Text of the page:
Sources say Palm plans to use the low-power Intel architecture in a forthcoming version of its handheld. Palm chief executive Carl Yankowski said in April that Palm planned to use chips based on designs from England's ARM Inc., though he did not explicitly mention Intel's offering.
Analysts agree that Intel's flavor of the ARM design is the only chip powerful enough to offer Palm a meaningful improvement on the Motorola Dragonball chips it uses today.
Intel representatives would not confirm the design win, and Palm representatives would not elaborate on Yankowski's earlier comments.
Both XScale and its StrongARM predecessors make use of the ARM instruction set, but Intel has redesigned the processor to offer far more power than standard ARM designs.
"You need something with this kind of horsepower," said Linley Gwennap, principal at consulting firm The Linley Group.
The XScale architecture offers performance roughly 20 times the Dragonball and uses less power, said MicroDesign resources analyst Peter Glaskowsky. The chip architecture also is able to shift performance on the fly, throttling up for multimedia programs and conserving power when running a calendar or memo pad.
The result is a handheld capable of running video but still able to run on off-the-shelf batteries, analysts said.
While Hitachi and IBM also offer good low-power chips, Glaskowsky said the ability of the XScale to handle such a range of voltages is impressive.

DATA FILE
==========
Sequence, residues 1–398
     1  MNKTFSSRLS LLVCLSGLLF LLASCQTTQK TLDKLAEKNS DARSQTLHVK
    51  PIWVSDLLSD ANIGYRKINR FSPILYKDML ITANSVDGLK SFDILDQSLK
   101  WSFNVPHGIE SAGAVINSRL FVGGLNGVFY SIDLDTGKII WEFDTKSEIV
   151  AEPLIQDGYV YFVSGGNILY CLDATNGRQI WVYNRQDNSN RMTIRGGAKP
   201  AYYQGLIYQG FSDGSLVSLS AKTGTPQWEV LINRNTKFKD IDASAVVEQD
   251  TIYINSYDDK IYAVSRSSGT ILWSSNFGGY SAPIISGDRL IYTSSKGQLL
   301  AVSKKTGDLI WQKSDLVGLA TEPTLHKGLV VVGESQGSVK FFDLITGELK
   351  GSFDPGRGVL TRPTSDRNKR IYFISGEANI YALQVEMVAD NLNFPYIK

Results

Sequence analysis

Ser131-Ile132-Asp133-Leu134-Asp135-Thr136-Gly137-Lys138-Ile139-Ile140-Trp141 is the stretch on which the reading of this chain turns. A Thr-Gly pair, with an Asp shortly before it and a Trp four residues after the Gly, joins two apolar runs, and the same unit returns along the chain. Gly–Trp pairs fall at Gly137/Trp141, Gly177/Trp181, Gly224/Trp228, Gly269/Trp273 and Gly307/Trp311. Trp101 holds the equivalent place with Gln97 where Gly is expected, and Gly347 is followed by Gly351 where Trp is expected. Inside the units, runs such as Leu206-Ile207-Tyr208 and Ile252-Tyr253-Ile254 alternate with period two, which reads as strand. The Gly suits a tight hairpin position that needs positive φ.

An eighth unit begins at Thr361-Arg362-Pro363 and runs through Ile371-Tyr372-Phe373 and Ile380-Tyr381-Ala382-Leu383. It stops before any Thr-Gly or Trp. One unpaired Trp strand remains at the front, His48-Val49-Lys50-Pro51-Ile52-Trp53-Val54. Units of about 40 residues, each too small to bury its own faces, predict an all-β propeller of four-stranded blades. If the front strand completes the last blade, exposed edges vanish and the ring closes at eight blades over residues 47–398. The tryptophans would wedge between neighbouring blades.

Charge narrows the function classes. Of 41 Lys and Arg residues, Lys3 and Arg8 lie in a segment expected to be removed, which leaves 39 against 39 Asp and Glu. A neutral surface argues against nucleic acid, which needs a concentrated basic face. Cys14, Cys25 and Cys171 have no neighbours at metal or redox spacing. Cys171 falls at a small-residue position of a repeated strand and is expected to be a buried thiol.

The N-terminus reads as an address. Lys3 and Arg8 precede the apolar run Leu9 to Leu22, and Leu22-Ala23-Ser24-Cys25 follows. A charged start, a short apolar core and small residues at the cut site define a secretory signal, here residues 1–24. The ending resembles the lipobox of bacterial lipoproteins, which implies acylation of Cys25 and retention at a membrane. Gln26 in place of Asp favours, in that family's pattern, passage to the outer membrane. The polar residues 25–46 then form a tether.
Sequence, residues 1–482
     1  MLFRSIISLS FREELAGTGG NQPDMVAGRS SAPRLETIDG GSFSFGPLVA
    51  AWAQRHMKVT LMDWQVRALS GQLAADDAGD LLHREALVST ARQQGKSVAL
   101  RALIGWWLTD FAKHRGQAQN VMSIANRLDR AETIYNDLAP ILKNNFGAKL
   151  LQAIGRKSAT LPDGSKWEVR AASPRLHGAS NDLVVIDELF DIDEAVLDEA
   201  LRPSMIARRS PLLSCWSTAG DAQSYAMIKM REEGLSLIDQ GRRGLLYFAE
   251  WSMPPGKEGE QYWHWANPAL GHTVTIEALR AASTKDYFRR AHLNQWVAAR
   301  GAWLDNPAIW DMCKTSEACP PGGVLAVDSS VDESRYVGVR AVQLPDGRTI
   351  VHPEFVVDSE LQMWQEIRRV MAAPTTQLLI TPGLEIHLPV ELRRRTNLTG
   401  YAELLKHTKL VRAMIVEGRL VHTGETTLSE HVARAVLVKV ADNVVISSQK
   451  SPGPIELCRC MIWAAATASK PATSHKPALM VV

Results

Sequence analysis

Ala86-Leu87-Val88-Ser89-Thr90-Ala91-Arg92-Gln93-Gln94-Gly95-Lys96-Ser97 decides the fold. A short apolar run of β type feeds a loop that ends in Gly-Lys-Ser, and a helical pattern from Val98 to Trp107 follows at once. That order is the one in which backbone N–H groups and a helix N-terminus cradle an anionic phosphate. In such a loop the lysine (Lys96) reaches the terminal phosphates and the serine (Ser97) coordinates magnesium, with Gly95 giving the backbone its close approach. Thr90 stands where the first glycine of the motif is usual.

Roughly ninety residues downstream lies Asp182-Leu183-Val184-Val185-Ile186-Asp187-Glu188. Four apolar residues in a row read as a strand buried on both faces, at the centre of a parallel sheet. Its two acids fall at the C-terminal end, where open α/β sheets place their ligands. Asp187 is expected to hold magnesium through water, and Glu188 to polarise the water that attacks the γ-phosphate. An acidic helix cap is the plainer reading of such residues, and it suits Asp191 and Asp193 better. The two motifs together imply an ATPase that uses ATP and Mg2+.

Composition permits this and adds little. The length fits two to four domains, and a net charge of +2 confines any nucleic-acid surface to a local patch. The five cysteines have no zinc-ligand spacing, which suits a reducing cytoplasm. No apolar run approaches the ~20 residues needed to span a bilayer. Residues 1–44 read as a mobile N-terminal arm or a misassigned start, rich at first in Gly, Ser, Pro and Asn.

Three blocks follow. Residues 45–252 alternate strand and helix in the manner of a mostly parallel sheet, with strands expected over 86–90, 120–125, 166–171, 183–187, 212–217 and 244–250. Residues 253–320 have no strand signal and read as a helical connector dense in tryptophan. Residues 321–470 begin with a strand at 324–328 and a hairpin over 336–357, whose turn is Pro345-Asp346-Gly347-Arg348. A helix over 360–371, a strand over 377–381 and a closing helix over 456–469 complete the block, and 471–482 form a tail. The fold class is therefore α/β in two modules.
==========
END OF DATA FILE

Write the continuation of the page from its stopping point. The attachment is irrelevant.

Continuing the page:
Glaskowsky pointed out there is a fair amount of other hardware and software needed to create devices that take advantage of the XScale's abilities.
While an Intel spokesman would not confirm the Palm design win, executives said the XScale is being designed into a number of next-generation handhelds.
Intel is also targeting so-called third-generation wireless handsets that will process video and data streams along with voice phone calls. If Intel is successful, within a few years the company could be selling more XScale-based chips than it does PC chips using the x86 architecture, Gwennap said.
Today, Intel sells about 100 million PC processors, Gwennap said.
Intel got the StrongARM technology when it purchased Digital Equipment's semiconductor unit in 1997. Many of the original chip designers fled after the acquisition, leaving Intel to rebuild the program.